The Globe and Mail article discusses the International Football Association Board's unanimous recommendation to rescind the hijab ban first introduced by the Fédération Internationale de Football Association in 2007.
This rule had resulted in the banning of individual female players in FIFA-sanctioned games – including the forfeit of an Olympic qualifying match by the Iranian women’s team. Some (the Quebec Soccer Federation, for instance) used the FIFA edict as a pretext to ban the hijab from the soccer field for non-FIFA events.
The ban reversal followed intense lobbying by Jordan’s Prince Ali bin al-Hussein, a FIFA vice-president, who sought to allay safety concerns by working with Cindy van den Bremen, a Dutch designer of sports-safe hijabs, for a dozen years. Montrealer Elham Seyed Javad (who created a hijab for female martial arts athletes in 2008) has also submitted a design for consideration by FIFA. Muslim women, for whom soccer is a passion, welcomed the IFAB decision. After all, the “beautiful game” is the most universal of sports, encompassing cultures and nations.
Those who fought to have FIFA include hijab-clad players should also lobby Saudi Arabia to allow women to be part of its Olympic national team. Last week, the Saudis confirmed their opposition to sending Saudi women to the London Games. This, despite the Olympic Charter: “Any form of discrimination with regard to a country or a person on grounds of race, religion, politics, sex or otherwise is incompatible with belonging to the Olympic Movement.”
Although social and political efforts have been made to close the wage gap and in turn the wealth gap, recent Census data still indicates that women earn 77 cents on the dollar compared to men. For women of color the gap is even wider: Black women earn 69.5 percent, and Hispanic women 60.5 percent, compared to the earnings of their white male counterparts.
The wage story is just as unequal for single mothers: They make less than men, less than married women, and less than women without children. Adding race to the equation, single mothers of color are hit hardest by the wage gap. Studies show that single mothers of color are much more likely to live in poverty and face significant barriers to creating wealth. Lower wages can often prevent families from engaging in asset- and wealth-building mechanisms such as pension plans because of fewer job benefits and resources. Lower earnings can hinder families from investing and saving their money, a key strategy for building wealth. Additionally, wealth not only impacts economic security but long-term retirement security as well.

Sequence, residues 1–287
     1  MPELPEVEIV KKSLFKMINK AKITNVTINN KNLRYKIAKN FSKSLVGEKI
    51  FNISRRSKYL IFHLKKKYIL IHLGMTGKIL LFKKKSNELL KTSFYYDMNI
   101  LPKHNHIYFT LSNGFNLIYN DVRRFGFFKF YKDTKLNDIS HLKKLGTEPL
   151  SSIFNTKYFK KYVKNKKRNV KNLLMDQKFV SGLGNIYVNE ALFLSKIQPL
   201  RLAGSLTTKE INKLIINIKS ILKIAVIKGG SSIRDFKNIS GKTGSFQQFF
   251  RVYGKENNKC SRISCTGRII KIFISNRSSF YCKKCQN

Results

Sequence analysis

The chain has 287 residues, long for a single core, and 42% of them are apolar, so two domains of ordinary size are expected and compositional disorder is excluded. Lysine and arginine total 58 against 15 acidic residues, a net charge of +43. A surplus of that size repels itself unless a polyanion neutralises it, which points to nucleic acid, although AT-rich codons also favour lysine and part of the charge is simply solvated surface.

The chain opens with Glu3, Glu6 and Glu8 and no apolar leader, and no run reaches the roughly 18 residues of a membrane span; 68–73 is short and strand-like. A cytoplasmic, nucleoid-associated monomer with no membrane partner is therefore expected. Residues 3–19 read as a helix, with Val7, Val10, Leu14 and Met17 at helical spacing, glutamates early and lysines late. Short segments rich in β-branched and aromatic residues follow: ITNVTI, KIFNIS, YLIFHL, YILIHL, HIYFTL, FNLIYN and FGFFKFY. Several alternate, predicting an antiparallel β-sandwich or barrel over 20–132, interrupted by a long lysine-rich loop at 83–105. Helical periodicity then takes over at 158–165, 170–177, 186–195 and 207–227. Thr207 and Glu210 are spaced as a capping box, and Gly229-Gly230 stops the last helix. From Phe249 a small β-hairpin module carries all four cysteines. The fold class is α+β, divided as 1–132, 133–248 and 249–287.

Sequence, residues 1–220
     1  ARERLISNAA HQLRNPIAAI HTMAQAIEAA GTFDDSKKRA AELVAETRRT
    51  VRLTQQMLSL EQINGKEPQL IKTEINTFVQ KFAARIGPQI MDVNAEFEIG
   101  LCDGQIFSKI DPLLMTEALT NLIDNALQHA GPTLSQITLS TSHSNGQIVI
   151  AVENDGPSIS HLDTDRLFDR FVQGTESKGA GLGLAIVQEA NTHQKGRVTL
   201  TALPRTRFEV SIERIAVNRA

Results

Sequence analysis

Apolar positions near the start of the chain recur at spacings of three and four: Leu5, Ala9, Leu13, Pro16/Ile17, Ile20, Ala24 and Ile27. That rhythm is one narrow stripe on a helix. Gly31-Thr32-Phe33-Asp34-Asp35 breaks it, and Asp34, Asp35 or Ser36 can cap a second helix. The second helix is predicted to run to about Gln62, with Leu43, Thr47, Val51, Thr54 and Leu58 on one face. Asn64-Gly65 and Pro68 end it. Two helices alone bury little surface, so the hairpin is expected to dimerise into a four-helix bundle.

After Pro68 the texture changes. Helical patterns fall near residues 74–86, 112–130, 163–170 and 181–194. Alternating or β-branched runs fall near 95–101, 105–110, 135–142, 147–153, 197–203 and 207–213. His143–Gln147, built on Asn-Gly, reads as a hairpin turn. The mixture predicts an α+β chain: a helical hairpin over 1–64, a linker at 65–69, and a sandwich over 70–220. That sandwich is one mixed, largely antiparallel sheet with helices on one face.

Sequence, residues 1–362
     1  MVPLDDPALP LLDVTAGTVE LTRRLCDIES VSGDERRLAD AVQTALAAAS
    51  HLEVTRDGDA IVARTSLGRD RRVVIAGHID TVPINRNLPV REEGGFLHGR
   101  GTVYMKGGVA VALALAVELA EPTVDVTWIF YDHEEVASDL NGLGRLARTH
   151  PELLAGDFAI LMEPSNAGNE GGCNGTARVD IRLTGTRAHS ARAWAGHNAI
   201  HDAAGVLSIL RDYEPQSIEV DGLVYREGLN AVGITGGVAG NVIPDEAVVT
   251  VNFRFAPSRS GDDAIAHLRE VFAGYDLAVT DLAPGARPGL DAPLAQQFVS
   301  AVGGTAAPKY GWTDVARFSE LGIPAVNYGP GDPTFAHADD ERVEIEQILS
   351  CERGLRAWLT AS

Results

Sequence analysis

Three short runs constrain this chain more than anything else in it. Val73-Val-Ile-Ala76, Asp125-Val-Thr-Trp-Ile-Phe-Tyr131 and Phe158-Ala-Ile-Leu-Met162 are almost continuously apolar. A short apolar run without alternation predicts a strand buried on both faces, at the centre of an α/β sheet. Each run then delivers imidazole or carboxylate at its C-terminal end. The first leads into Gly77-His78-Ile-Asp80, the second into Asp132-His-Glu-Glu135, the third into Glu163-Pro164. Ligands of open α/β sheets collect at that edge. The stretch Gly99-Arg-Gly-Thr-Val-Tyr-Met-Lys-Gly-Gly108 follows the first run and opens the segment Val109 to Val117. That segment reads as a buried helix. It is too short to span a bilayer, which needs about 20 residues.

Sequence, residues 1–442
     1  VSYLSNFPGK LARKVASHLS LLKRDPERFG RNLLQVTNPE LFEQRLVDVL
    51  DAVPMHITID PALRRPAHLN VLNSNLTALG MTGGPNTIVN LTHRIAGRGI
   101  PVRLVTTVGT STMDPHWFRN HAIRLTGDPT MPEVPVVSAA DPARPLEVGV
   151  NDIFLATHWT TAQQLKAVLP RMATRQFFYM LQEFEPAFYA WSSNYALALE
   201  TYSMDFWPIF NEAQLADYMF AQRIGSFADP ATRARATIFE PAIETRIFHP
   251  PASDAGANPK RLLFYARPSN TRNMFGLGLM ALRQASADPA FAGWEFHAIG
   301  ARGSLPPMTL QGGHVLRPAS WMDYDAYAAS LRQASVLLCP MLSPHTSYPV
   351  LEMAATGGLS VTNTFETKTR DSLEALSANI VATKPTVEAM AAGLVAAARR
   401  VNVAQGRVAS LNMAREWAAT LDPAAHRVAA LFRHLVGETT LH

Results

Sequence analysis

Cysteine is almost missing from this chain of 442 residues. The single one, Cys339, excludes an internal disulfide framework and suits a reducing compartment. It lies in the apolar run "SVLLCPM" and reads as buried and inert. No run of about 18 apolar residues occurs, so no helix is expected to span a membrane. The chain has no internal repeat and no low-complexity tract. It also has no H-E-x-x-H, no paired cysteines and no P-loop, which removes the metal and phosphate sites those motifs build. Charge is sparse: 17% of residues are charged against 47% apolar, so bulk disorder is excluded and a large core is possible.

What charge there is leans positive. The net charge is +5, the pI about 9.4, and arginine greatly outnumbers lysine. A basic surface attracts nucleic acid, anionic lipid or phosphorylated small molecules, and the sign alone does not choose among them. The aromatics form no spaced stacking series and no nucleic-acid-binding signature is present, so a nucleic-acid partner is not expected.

While it’s recognized that the racial wealth gap is widespread there is a critical need to understand the intersection of race and gender in accumulating wealth.
Even that 73 percent number is too rosy, because it only looks at a snapshot of mothers and men employed in a given year.
But mothers also spend more years out of the workforce than anyone else, usually to care for family. So the financial impact of mothers' employment patterns becomes clear only when we look across the years. The lifetime earnings of women are just 38 percent of the lifetime earnings of men.
Now that's a gap.
One of the reasons more women drop out of the workforce is because United States income tax policy is designed specifically to encourage them to drop out.
A significant gender pay gap still persists. That's why we cannot be passive as we acknowledge Equal Pay Day, which marks the day when a woman's earnings catch up to what her male peers earned in the previous year. To millennials, it's startling to see that women still earn just 77 cents to the dollar of what men earn. Women of color are hit especially hard: African-American and Hispanic women earn 70% and 61%, respectively, of what white men earn. Without any male income in their household, single women and lesbians may feel the pay gap effect all the more. This wage gap costs working women and their families more than $10,000 annually and jeopardizes women's retirement security.
This gap isn't just about women making different choices in their careers. Even after accounting for occupation, hours worked, education, age, race, ethnicity, marital status, number of children and more, a difference of 5% still persists in the earnings of male and female college graduates one year after graduation. After 10 years in the workplace, that gap more than doubles to 12%.